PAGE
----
Shipping issues, high food prices make volatile situation


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The only clarity to emerge in the eight months that have passed since Russia invaded Ukraine is that there is no end in sight.

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The only clarity to emerge in the eight months that have passed since Russia invaded Ukraine is that there is no end in sight.

Everyone can agree this war has profound implications for grain markets and global food security. However, our understanding of how fundamentally this conflict is changing the geopolitics of food is just starting to evolve.

The numbers tell us this region is a significant player in the global food trade. An analysis released this week by Farmers Business Network (FBN) says Russia and Ukraine typically account for about 29 per cent of global wheat exports, 32 per cent of barley exports, 19 per cent of rapeseed (canola) exports and 17 per cent of corn exports.

We can see how supply chains are disrupted. While grain exports from the region were almost non-existent in the days and weeks following the invasion, they have resumed on a limited basis. FBN estimates Russia’s exports were still off 29 per cent and Ukraine’s by 46 per cent during the period of July through September.

We know critical infrastructure such as grain storage facilities and transportation corridors have been damaged or destroyed.

We also understand how the war has made it harder for farmers in the affected zones to work in their fields, repair their machinery and access the seed and crop inputs they need. Yet they are still getting the job done.

Ukraine is still achieving above-average production levels in two out of four of the key grain-growing regions, the FBN report says. Russia, meanwhile, had a record-setting wheat harvest.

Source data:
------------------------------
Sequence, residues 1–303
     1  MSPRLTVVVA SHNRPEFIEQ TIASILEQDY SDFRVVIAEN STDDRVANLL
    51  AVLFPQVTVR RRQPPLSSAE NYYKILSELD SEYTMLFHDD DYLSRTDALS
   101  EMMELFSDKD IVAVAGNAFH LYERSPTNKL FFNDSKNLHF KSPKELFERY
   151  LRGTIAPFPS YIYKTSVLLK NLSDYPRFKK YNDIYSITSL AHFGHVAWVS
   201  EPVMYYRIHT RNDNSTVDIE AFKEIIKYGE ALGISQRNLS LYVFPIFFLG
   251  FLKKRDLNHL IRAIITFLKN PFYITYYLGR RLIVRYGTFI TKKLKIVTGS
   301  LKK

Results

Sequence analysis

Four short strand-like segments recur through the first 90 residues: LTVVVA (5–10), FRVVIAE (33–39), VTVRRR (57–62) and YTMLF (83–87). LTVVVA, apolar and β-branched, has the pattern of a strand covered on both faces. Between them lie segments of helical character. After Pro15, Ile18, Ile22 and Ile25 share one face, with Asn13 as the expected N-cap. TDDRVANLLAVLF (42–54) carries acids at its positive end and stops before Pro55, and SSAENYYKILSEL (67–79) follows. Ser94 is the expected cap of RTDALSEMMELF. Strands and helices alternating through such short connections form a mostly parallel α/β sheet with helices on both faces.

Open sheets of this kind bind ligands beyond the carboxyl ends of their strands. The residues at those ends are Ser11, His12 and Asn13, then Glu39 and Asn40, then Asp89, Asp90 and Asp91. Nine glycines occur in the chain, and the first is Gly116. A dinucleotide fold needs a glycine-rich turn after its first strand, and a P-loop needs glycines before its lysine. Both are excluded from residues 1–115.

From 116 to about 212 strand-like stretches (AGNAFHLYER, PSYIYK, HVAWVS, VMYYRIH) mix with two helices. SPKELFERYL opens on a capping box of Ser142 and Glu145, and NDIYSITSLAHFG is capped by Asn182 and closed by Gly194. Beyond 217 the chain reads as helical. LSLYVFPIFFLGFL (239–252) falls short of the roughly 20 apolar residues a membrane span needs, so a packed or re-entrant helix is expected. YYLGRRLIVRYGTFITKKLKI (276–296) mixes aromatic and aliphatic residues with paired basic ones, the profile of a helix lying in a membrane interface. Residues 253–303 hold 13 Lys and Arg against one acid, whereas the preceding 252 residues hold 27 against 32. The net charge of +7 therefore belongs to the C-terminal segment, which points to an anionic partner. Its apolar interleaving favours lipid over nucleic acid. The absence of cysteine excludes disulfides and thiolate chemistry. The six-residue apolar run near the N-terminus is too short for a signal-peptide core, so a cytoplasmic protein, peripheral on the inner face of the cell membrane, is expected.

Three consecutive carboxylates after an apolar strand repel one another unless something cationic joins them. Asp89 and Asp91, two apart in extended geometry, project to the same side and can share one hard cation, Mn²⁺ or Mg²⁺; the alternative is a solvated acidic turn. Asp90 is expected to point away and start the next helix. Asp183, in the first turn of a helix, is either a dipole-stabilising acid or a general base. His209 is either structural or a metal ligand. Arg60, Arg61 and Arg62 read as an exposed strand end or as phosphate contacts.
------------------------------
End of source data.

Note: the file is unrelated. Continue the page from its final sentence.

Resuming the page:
In fact, grain stockpiles in these regions are growing. USDA data cited in the report project that Ukraine’s stockpiles of wheat will rise to four times their normal levels while corn stocks will be nine times their normal levels for 2023.

“This surplus creates a lot of excess supplies that could flow to world buyers if export corridors were normalized,” the FBN report says.

It’s all contributing to volatility in grain markets already jumpy because of weather-related production shortfalls and pandemic-induced supply chain hiccups. It creates more risk than reward for farmers. Costs of production always follow grain prices up, but down? Not necessarily.

Harder to quantify has been the “immediate and far-reaching cascading consequences” for global food security, authors Tarek Ben Hassen and El Bialai say their paper: “Impacts of the Russia-Ukraine War on global food security: towards more sustainable and resilient food systems,” published in the journal Food.

They warn the war underscores inherent weaknesses in global agri-food systems and call for changes that can improve their ability to adapt quickly to sudden shocks to supply or distribution chains.

No one is suggesting that the world is at risk of running out of food, at least not any time soon.

However, the disruption to grain shipments and the high prices are making it more difficult to get those food commodities to the people who need it. While some exporting countries have stepped up to try to fill the gap using their own surpluses, others have shut down for fear of compromising their own population’s food security.

The number of countries enforcing food export restrictions, such as export bans and export-licensing requirements, has increased from three to 26 — and counting.

The Food and Agriculture Organization (FAO) of the United Nations says 50 countries depend on Russia and Ukraine for at least 30 per cent of their wheat import needs. Many of these countries are emerging economies where consumers typically spend more than a third of their incomes on food. By comparison, Canadians spend a tenth of their earnings on food.

According to the World Bank, for every one percentage point rise in food costs, 100 million people are pushed back into poverty.

One survey found that between 32 and 71 per cent of consumers in countries that import wheat from this region have lacked enough money to buy food within the past 12 months. A hungry population is not conducive to political stability.

In a nutshell, we know what we see and what the numbers tell us. What’s harder to predict is how people will react.

Laura Rance is vice-president of content for Glacier FarmMedia. She can be reached at

Laura Rance

Laura Rance

Laura Rance is editorial director at Farm Business Communications.

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